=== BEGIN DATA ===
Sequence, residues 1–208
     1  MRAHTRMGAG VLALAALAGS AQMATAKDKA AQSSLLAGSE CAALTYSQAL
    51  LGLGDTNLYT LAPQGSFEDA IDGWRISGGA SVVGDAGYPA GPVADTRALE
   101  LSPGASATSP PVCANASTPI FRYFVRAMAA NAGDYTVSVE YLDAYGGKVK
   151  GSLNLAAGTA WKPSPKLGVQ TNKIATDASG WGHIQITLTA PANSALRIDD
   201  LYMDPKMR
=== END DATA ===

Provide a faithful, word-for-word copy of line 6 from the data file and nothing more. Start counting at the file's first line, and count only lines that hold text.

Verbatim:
   201  LYMDPKMR